The Pump Handle. Anne Case and Angus Deaton. Rising morbidity and mortality in midlife among white non-Hispanic Americans in the 21st century, Proceedings of the National Academy of Science (PNAS), volume 112, number 49, December 2015.
TUC drugs and alcohol webpages. More on work-related suicide, drug and alcohol use and job insecurity. Risks 790. 4 March 2017

Hazards news, 23 February 2017

Britain: Southern ‘rips up safety rule book’ says RMT
Rail union RMT has accused rail operator Southern GTR of attempting to train 40 ‘scab’ replacement workers in two days of classroom talks. The union says the company intends to use these managers to work as on-board supervisors (OBS) on its strike days over safety.
RMT news release. Morning Star. Risks 789. 23 February 2017

Britain: Probation union takes on workload pressures
Escalating workload pressures and the unreasonable expectations placed on workers in the probation service are being ‘confronted’ by the union Napo in a ‘3C’s’ campaign that also ‘challenges’ employers and ‘champions’ professional standards. The union notes: “Staff regularly report feeling under pressure to cut corners, meet unrealistic targets and report that they feel they are failing service users and ultimately the public, in achieving their objectives.”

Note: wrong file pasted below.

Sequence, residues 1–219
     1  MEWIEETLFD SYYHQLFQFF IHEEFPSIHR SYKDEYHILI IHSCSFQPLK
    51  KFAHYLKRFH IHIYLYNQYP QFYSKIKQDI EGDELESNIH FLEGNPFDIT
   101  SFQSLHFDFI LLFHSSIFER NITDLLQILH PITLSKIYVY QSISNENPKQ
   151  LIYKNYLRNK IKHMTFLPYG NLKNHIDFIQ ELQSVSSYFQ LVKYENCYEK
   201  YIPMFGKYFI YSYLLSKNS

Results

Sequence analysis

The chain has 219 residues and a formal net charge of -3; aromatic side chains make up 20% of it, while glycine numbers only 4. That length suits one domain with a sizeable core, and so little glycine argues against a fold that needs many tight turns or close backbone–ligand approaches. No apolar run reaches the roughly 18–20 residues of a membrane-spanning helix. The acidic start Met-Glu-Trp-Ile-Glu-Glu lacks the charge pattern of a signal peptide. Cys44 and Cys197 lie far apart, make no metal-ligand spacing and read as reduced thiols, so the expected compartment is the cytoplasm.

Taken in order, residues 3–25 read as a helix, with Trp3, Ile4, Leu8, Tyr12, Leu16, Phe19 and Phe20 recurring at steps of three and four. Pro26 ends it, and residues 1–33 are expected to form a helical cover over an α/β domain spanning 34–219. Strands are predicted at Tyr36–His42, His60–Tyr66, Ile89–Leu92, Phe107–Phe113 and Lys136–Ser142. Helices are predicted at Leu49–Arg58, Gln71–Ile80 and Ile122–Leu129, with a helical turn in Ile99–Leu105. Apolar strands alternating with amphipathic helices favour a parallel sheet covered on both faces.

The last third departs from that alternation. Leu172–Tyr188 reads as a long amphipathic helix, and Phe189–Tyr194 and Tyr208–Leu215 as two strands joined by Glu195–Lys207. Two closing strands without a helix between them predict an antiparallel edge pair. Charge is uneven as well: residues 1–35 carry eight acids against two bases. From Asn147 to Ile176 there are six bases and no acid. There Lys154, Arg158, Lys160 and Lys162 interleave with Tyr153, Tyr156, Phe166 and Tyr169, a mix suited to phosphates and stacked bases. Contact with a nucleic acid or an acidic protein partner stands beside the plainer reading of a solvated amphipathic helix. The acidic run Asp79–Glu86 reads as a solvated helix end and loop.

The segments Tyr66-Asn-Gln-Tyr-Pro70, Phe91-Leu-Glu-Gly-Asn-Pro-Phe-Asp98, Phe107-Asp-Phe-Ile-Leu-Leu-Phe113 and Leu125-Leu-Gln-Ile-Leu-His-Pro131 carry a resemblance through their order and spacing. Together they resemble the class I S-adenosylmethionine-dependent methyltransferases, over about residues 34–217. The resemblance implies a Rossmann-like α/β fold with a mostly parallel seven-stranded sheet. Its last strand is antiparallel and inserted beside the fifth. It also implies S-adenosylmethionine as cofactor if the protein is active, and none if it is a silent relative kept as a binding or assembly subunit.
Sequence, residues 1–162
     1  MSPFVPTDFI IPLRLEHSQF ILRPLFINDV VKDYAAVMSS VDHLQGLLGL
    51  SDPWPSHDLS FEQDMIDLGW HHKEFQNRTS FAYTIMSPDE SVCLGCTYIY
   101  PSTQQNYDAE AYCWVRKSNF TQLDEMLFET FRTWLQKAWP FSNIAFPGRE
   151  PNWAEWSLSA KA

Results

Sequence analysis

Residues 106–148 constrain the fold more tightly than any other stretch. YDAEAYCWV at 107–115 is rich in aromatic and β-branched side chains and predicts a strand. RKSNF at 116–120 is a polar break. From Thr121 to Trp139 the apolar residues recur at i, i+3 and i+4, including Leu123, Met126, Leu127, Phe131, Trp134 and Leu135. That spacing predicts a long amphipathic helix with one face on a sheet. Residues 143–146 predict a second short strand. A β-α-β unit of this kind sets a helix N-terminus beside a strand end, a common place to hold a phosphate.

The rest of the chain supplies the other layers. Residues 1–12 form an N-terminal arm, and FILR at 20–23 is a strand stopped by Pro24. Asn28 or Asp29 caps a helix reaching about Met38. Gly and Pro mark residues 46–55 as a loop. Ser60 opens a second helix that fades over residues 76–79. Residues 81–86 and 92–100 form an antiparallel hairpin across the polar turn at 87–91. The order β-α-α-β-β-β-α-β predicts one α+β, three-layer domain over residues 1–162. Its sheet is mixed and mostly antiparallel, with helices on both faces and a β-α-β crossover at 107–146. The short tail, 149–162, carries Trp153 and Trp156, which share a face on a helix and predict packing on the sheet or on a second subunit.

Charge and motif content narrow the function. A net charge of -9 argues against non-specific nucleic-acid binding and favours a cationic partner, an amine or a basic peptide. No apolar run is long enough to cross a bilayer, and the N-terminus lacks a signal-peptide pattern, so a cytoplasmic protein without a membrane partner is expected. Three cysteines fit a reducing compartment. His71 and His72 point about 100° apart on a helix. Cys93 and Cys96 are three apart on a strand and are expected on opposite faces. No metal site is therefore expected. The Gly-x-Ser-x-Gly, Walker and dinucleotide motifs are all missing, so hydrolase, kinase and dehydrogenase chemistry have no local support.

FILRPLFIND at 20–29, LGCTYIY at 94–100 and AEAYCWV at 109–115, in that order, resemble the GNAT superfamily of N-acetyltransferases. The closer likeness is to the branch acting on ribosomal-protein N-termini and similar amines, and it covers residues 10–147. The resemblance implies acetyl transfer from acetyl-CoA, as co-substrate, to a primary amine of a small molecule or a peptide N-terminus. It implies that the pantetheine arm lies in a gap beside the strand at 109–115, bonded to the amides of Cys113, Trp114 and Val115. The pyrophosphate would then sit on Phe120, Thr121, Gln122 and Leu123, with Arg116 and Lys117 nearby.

NAPO news release. Risks 789. 23 February 2017

Britain: GMB disappointed with Uber’s ‘cosmetic’ changes
Taxi firm Uber has missed a ‘golden opportunity’ to start complying with the law, the union GMB has said. The union, which last year won a groundbreaking employment rights legal case on behalf of Uber drivers, said it was disappointed with the ‘cosmetic’ changes introduced for Uber drivers.
Lawyer Monthly. Risks 789. 23 February 2017

Britain: ‘Rock solid’ Tube strike over safe staffing